By Ann Needle
The most recent financial report on the Nashoba School District pointed to sound financial health. At its Jan. 28 meeting, the Nashoba School Committee also heard good news on the work of teachers across the district.
Assistant Superintendent George King termed the district’s financial health over the second quarter of the fiscal year as healthy, with a number of positive trends to report. Among these were lower salary payouts, stemming mostly from a drop-off in employee leaves of absence; the filling of several retired employees’ positions with new employees starting lower on the pay scale; and two positions still open, King said. He added that health premiums also could show a surplus, thanks to low growth in the number of employees.
Still, King cited areas of concern as: special education out-of-district tuitions, and contract services. On SPED tuitions, the worst-case scenario would be a deficit of about $200,000, while contract services may need to be supplemented due to the superintendent search, the scheduled financial review by the MA Association of School Business Officials, and the cost of the demographic study being conducted for the district, King explained.
Later in the meeting, Interim Superintendent Dr. Curtis Bates mentioned that the MASSBRO financial operations review will be conducted March 1 and 2, with a full report of results by April 7. The SC already approved spending up to $6,500 for this review.
As for the general 2016/17 school budget, in a separate conversation SC Chair Lorraine Romasco of Bolton explained that, in a departure from past budget seasons, Nashoba administration presented a preliminary budget to the SC at its Jan. 25 Budget Workshop. While the preliminary budget has been unveiled at a general SC meeting in past years, Romasco said that the presentation would not fit into a regularly scheduled SC meeting this year. She noted that administration took comments and questions from the SC at that workshop, and will have a revised budget ready for the Feb. 8 Budget Workshop, which is open to the public. After that, the SC will continue discussing and finalizing the budget over the next few months, she said.
“Yes, we’re doing things a little differently this year, but we think that this approach will help us understand what the budget supports and where we may need to make enhancements,” Romasco commented.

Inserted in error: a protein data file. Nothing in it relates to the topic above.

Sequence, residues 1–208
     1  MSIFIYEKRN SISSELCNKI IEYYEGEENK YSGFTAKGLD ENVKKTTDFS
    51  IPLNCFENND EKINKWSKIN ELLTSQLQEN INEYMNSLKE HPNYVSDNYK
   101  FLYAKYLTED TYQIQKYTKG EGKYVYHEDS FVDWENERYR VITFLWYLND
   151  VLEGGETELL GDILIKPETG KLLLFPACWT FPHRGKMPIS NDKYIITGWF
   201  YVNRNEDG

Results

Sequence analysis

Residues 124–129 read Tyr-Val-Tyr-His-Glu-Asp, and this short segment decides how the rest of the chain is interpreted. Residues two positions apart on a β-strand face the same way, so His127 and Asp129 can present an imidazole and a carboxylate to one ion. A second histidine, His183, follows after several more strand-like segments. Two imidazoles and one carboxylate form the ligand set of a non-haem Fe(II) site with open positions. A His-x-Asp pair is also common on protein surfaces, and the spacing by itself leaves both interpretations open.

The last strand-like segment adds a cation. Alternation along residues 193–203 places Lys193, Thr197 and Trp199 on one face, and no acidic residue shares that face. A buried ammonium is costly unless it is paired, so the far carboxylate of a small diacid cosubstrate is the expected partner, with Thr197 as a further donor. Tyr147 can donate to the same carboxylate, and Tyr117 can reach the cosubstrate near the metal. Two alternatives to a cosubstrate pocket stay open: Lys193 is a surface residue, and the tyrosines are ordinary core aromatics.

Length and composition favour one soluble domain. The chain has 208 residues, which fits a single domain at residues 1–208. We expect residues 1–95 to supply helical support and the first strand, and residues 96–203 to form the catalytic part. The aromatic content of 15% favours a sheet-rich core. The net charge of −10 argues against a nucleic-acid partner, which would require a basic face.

Teachers Rate and Innovate
Curtis Bates reported that, in the state’s eyes, Nashoba’s teachers are doing a good job. In the highlights of results Bates presented from the state’s third annual Educator Evaluation Ratings, of the 284 educators evaluated under the system throughout Nashoba, 94.3% earned ratings of Proficient or Exemplary. Exemplary ratings were awarded to 7.7% of Nashoba educators, while 86.6% were identified as Proficient, 5.3% as Needs Improvement, and 0.4% as Unsatisfactory.
Also, two NRHS teachers and some of their students gave the SC a glimpse into a unique, inter-disciplinary class they began teaching last year. The Epidemiology/Maritime class combines Science and English Language Arts. In this web of class sessions taught back-to-back in the schedule, Science Teacher Johnna Doyle explained that she and ELA Teacher Kim Rocha cover topics throughout the year ranging from the plague to oceanography.
Throughout the course, Rocha said students study literature connected to the topics, such as “Years of Wonder” when studying the plague, to “The Perfect Storm” when discussing the oceans. Doyle noted that students even write “grants” for sample public health projects, with Stow’s Dr. Edward DeLuca of the Harvard-Smithsonian Center for Astrophysics volunteering time to guide students in the process.
The class is part of an overall movement at the high school to bring in more project-based learning that calls on students to work with each other and manage several disciplines simultaneously, Rocha commented. “Our students are going into a world where you can no longer be just a science person or a liberal arts person.” She noted that NRHS also hosts interdisciplinary classes in such areas as Culinary Arts and Social Science.
Doyle remarked that the class is time-consuming in terms of teacher planning, and urged the SC to support more room in the schedule for professional development around these classes.